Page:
Ballet has officially returned for the first time since the start of the pandemic, and this time with an exciting surprise. On April 25, the American Ballet Theater will debut with Lauren Lovette Variations of La Follia at Segerstrom Hall in California as part of the “Uniting in Movement” program composed of three works by contemporary choreographers: Jessica Lang, Lauren Lovette and Darrell Grand Moultrie. For its big comeback on stage, the company is teaming up with ready-to-wear designer – known by many in the industry as the God of Mesh – Victor Glemaud, who designed breathtaking costumes for the performance. . Although this is the first time that Glemaud has designed costumes, it is a challenge that excites him. “I just wanted it to feel really festive,” he said. “A lot of these dancers haven’t performed for over a year, so I really wanted to show the physicality of what they’re doing through the costumes.”
For this special project, Vanity Fair spoke with Glemaud for an overview of his costume design process. To start, Glemaud spoke with choreographer Lauren Lovette who wanted to make the costumes contemporary while remaining classic. To achieve this, he started with classic elements like the tutu – from the archives of the American Ballet Theater – and modernized it with colors and silhouettes. “I loved the idea that they would feel uniform, but different,” he says. Using jewel tones, he felt it “matched my aesthetic, but appealed to ballet and dance audiences.”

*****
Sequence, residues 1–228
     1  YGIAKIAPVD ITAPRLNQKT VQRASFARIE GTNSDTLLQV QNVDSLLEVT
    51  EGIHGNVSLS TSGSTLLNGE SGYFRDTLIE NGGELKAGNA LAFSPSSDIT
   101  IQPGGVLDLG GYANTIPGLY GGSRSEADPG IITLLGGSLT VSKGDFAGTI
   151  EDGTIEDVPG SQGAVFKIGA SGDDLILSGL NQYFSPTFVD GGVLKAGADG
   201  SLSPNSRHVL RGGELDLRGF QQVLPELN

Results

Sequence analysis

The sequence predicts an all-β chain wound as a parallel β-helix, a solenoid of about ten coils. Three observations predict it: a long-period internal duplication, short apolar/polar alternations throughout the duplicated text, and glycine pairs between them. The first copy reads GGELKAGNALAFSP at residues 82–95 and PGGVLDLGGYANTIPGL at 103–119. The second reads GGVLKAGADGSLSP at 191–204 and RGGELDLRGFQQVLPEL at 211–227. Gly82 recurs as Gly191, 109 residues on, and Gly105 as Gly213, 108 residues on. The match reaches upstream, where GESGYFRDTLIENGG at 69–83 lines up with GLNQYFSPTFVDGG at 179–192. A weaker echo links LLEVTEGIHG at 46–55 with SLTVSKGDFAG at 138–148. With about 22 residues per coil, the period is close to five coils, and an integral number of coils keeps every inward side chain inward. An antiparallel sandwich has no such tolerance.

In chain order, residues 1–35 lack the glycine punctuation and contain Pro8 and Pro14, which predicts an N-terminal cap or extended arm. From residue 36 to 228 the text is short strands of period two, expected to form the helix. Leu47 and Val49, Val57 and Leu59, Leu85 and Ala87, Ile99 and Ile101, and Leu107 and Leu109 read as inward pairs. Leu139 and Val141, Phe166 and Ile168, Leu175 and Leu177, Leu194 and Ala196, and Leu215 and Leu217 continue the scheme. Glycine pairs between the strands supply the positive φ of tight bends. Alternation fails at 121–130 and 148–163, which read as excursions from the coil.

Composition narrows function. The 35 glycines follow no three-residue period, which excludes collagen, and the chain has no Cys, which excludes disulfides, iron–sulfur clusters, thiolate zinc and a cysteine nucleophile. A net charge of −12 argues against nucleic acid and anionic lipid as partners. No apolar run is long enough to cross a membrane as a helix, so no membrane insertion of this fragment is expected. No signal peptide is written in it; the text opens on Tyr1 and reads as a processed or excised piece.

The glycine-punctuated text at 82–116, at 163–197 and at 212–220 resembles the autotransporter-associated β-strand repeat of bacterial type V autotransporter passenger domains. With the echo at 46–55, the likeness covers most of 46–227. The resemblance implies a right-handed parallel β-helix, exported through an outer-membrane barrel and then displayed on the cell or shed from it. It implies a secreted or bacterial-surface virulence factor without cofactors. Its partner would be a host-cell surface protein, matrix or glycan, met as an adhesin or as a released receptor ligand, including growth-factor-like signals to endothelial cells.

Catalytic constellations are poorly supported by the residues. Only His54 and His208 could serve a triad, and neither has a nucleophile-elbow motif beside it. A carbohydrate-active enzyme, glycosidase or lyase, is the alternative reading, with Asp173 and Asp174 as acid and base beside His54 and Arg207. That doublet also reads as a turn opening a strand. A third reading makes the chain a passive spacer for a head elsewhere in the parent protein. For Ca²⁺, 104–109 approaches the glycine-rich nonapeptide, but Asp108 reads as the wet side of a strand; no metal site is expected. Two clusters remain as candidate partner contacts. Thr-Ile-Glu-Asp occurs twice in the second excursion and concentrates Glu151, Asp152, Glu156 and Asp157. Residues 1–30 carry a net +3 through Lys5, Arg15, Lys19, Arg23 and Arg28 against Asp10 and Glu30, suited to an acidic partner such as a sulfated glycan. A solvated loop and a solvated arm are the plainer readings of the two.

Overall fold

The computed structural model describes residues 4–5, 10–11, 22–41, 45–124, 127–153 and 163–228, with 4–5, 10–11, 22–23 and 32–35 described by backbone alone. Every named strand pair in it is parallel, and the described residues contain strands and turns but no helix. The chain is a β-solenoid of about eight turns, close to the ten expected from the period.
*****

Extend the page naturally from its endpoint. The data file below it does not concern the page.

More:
Throughout the design phase, Glemaud drew inspiration from this vibrant color palette in jewel tones: “The idea of jewel tones was bold, positive and joyful; this is what we all need now. To achieve the vibrant colors he envisioned, he hand-dyed each costume – a process that takes hours, if not days, to perfect. These bright and colorful pieces will be the key to his vision of making the dancers stand out on stage for their first performance, whether for the handful of spectators able to physically attend or for the majority who will be listening. virtually. With the overall costume design and color scheme, her main goal was to “celebrate the art of dance by making it truly beautiful and visually appealing”.
For Glemaud, ballet means “New York means culture, it means arts, and it also means memories.” After a year of hiatus, Glemaud and the American Ballet Theater aren’t the only ones ready to make new ones.
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